This is where I adopted the Native American name "Get-your-nose-down-Bruce" because I had a tendency to hold too much back pressure when the nose was supposed to be slightly down for the gliding descent in the landing pattern. This was perhaps an "instinctive" attempt to keep from going down too fast, but of course it would slow down the airplane more (not a good thing when you are slow for landing anyway, and close to the ground). I guess I did it a lot.

Time: 1.4 hrs dual, TT 11.5 hrs, C152 at 1B6

Editor's Note: Blogging this ancient history in October 2006, I note that SFZ ended up being the airport where I finally took and passed my check ride in May 2001, so it's interesting that this is where I first started to work seriously on landings. Maybe I'll dig out my old paper notebook "Flight #17" and update with those notes sometime, but probably not! The reason that it was #17 so early in my flight lesson career was that I had been keeping notebooks on my various flight sim experiences since 1994. Flight sims and a lot of reading were the reasons I knew so much of the basic flight stuff even on my intro lessons in 1997, though my practical skills lagged far behind my formal knowledge!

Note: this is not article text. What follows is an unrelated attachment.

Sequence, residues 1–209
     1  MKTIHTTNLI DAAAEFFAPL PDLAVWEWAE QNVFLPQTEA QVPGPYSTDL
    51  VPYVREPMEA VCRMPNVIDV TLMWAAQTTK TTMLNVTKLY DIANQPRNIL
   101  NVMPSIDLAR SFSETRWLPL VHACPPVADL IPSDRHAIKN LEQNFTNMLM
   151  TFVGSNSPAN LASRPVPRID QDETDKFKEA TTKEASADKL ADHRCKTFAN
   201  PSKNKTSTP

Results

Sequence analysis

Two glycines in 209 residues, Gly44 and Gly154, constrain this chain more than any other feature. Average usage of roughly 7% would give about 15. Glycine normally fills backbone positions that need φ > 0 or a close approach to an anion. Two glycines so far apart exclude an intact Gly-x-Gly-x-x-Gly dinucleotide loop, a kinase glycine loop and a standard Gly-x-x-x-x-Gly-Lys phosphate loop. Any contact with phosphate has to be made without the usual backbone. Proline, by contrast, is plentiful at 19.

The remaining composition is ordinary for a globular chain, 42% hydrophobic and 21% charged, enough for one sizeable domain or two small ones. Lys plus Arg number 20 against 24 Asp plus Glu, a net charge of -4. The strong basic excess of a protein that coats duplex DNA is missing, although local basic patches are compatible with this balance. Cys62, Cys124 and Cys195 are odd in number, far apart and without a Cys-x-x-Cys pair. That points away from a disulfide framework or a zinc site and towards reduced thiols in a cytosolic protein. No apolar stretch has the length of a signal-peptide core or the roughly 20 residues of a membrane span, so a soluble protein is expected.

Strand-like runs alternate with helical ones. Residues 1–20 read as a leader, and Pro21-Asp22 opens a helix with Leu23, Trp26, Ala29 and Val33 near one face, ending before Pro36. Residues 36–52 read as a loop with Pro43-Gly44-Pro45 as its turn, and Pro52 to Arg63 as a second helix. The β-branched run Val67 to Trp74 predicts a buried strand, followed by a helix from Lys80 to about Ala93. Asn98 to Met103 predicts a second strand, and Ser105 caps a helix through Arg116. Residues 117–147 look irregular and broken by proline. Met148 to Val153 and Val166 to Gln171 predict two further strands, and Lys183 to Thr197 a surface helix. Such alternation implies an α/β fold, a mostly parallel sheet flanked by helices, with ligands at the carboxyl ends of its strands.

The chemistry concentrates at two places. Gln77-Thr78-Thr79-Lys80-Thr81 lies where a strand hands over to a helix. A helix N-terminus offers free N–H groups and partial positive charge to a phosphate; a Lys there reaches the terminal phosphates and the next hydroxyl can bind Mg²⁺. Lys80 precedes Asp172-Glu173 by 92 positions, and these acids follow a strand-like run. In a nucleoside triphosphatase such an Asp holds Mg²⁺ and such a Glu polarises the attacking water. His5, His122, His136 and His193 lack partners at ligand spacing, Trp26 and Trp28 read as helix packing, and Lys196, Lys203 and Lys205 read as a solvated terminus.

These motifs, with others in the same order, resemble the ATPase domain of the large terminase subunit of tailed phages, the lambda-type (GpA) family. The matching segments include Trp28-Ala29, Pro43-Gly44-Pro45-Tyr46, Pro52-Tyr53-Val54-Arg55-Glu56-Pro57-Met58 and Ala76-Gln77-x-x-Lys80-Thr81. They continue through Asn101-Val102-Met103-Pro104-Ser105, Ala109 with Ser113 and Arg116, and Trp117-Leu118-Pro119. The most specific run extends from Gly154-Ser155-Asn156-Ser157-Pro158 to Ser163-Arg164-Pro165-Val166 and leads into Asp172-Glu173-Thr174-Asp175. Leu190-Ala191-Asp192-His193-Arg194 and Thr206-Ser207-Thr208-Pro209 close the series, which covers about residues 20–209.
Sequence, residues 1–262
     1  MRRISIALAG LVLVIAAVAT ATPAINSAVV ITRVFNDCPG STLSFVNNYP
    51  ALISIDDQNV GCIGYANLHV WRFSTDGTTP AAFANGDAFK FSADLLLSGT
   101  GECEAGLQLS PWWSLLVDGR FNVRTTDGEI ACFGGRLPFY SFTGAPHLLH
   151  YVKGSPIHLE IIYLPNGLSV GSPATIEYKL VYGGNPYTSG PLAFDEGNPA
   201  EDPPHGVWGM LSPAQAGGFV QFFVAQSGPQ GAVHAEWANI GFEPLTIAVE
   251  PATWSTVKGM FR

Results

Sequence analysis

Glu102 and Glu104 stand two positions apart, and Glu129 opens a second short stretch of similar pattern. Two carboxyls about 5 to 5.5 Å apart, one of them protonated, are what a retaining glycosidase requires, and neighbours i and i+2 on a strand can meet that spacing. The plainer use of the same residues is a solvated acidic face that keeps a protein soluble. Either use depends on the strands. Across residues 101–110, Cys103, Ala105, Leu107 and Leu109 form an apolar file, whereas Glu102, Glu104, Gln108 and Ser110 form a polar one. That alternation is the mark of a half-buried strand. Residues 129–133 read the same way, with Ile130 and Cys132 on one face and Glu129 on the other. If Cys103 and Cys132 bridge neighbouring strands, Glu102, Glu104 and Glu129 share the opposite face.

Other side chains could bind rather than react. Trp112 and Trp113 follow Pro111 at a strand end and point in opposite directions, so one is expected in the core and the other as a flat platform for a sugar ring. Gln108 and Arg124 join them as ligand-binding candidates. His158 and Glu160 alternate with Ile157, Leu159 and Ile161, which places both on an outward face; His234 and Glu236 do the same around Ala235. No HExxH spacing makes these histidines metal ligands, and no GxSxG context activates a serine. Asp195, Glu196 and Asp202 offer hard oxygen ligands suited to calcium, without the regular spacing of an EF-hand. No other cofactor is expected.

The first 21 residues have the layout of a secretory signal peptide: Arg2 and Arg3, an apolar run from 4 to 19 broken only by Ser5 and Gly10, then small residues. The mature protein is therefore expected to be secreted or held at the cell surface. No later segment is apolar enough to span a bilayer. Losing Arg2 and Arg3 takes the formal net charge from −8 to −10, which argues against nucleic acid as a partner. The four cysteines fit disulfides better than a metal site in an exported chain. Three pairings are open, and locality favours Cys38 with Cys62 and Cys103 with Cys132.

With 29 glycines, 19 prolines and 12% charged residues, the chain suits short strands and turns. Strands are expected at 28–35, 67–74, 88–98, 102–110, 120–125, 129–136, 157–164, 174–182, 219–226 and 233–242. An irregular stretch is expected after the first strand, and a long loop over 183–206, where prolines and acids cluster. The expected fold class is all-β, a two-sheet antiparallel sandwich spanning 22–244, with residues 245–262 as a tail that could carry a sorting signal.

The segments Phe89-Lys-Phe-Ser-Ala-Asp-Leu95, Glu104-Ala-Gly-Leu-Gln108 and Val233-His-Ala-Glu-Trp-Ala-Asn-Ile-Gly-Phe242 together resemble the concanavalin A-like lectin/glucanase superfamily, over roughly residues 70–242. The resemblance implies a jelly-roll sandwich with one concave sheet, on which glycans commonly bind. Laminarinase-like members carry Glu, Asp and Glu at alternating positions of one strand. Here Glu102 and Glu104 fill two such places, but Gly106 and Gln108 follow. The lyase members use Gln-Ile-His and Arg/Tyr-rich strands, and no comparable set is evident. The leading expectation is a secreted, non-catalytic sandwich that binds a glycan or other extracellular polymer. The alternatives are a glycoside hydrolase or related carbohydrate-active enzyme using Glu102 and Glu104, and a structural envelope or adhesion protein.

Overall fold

Thursday, June 17, 1999

Practice in the Rain (Lesson #8)

It didn't look VFR to me -- gray and drizzly -- but clouds were all at 10,000 feet, the WX said, so Kern said "we're go." Well, they weren't ALL at 10K -- quite a few floating around at 1100-1500 feet gave us some trouble. Not to mention the C172 was in for 100 hour maintenance, so we flew the little C152 (not a bad little plane, though we were only 60 pounds under max gross weight, and it climbed VERY slowly). Kern took a Boston VFR Terminal Area Chart -- a good idea, it turns out.

Well, it's late, so I don't have time to give the gory details. I did better than last time but still rather spotty on holding altitude and keeping my nose where it should be and my eyes out of the cockpit. Taxied better (need work on even braking). First takeoff was still a bit hesitant (Kern said last flight I "kissed the ground goodbye," touching my wheels lightly after liftoff, insufficient back pressure and a dip in the runway). I did OK on the climbs, some drift, but OK on rudder and coordination I think. Practiced turns (including two 360's), climbs, descents. Little wind and poor ground viz, so we didn't do ground refs today. Visibility started to look QUITE poor in some directions when we reached 1500 feet, but we pressed on to 3000. Ended up west for a while, then south, then north, then south -- then lost!